(87.3)
28.6
(83.5)
24.8
(76.6)
20.6
(69.1)
25.9
(78.6)
Daily mean °C (°F) 14.7
(58.5)
15.5
(59.9)
17.8
(64)
21.7
(71.1)
25.2
(77.4)
27.4
(81.3)
28.2
(82.8)
27.9
(82.2)
27.2
(81)
25.0
(77)
21.0
(69.8)
16.6
(61.9)
22.3
(72.1)
Average low °C (°F) 11.6
(52.9)
12.9
(55.2)
15.3
(59.5)
19.4
(66.9)
22.8
(73)
24.9
(76.8)
25.3
(77.5)
25.2
(77.4)
24.6
(76.3)
22.4
(72.3)
18.2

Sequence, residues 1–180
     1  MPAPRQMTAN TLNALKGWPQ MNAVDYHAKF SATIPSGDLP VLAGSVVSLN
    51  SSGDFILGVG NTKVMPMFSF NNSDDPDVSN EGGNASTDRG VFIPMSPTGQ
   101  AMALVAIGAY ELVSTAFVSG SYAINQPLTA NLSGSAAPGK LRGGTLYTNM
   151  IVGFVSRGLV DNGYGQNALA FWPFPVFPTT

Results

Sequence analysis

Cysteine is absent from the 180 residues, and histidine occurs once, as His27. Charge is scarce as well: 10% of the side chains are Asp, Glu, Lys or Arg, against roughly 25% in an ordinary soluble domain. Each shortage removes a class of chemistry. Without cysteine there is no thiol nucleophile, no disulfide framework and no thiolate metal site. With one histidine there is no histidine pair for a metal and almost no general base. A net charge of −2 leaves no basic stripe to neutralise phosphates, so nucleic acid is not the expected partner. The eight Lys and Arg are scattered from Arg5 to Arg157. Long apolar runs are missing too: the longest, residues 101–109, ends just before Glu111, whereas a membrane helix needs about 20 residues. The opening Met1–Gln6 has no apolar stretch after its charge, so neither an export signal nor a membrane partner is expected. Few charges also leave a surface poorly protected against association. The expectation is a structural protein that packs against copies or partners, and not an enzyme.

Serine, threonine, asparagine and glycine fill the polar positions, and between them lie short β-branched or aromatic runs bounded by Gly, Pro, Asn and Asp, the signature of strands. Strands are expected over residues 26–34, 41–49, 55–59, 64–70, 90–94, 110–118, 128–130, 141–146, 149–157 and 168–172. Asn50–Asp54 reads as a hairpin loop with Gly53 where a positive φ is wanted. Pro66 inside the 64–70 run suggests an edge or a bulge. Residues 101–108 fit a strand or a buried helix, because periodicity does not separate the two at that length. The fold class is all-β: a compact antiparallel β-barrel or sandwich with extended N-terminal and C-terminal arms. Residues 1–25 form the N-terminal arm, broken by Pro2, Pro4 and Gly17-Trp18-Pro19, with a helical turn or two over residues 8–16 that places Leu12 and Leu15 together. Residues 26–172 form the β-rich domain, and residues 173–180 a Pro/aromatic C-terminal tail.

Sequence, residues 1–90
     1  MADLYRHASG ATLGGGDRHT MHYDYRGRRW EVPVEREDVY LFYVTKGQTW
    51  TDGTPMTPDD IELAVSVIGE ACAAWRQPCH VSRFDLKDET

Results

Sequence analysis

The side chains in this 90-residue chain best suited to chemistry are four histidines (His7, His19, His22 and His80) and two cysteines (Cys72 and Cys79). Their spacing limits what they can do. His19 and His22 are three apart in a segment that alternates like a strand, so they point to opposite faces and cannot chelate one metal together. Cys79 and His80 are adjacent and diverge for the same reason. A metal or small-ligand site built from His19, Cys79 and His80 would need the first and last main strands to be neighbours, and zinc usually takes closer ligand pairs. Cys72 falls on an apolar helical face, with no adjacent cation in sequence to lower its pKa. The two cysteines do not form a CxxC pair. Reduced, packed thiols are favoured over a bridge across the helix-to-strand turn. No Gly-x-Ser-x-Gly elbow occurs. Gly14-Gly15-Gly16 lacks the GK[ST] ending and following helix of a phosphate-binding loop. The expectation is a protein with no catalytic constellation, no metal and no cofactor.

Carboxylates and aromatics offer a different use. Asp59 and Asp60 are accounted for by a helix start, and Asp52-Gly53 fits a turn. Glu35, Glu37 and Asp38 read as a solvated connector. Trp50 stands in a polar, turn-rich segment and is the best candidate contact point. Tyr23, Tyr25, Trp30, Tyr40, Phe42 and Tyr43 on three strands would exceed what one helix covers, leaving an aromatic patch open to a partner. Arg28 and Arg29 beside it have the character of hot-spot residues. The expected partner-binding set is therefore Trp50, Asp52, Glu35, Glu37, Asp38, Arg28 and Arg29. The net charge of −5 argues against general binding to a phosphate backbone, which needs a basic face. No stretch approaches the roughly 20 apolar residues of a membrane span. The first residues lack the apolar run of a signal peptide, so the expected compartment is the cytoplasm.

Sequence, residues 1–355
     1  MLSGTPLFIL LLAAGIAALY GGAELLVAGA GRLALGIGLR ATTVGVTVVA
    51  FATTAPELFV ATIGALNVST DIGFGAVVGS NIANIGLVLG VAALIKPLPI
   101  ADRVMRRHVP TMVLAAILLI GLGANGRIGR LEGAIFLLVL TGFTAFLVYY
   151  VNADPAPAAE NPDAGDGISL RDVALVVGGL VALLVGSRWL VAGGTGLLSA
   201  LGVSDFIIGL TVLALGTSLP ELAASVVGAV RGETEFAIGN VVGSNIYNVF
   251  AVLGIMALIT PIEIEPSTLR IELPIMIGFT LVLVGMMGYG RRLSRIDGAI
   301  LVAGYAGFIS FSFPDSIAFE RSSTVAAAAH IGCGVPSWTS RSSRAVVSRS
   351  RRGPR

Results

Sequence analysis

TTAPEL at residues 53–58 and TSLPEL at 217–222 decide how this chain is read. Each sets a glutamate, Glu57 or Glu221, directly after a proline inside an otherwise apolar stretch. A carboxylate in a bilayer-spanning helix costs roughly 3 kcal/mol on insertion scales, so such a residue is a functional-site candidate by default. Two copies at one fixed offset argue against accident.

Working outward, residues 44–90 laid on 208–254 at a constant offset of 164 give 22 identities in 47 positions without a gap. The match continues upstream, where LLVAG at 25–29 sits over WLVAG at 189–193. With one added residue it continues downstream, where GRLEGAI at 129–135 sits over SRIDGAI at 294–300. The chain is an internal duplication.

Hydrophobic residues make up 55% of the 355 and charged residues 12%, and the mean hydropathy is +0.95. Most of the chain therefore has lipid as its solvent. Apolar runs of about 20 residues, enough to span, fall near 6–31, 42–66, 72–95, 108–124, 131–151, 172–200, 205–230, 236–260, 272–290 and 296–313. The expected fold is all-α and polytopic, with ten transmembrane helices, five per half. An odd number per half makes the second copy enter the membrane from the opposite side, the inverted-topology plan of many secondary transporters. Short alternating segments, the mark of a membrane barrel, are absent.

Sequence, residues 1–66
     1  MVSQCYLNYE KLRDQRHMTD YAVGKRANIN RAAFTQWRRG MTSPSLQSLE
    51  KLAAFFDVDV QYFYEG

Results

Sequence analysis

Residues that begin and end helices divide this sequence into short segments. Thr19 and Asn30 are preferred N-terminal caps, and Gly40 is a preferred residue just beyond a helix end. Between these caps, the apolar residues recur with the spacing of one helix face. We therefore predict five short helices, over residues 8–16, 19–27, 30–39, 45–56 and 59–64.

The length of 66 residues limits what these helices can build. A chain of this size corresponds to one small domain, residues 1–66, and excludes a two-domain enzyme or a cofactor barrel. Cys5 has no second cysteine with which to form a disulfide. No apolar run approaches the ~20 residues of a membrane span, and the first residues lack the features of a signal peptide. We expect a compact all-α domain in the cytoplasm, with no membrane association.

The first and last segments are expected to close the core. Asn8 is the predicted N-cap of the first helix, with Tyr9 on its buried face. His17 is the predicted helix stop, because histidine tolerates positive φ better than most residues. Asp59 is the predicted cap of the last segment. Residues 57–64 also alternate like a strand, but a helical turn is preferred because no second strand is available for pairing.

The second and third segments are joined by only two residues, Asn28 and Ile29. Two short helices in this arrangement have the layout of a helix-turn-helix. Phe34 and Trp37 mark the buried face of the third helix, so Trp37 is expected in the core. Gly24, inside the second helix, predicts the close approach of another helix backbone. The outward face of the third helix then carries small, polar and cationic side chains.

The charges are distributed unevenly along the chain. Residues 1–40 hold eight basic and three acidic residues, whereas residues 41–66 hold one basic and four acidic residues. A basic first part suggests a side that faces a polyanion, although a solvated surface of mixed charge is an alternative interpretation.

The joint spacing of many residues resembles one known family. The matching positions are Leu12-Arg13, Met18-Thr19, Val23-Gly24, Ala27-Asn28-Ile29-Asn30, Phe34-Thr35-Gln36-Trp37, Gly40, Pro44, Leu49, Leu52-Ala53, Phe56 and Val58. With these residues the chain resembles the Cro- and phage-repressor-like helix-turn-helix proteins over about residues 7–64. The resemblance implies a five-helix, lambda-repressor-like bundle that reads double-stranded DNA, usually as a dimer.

(64.8)
13.5
(56.3)
19.7
(67.5)
Record low °C (°F) 2.1
(35.8)
3.5
(38.3)
5.6
(42.1)
9.1
(48.4)
15.1
(59.2)
19.6
(67.3)
21.6
(70.9)
22.4
(72.3)
18.1
(64.6)
14.8
(58.6)
7.9
(46.2)
3.6
(38.5)
2.1
(35.8)
Average precipitation mm (inches) 36.3
(1.429)
39.0
(1.535)
69.7
(2.744)
157.7
(6.209)
288.2
(11.346)
370.3
(14.579)
313.2
(12.331)
307.2
(12.094)
193.9
(7.634)
56.9
(2.24)
39.3
(1.547)
25.5
(1.004)
1,897.2
(74.693)
Average relative humidity (%) 77 80 83 86 87 88 86 87 83 79 77 73 82
Source: Hong Kong Observatory[2]

History[edit]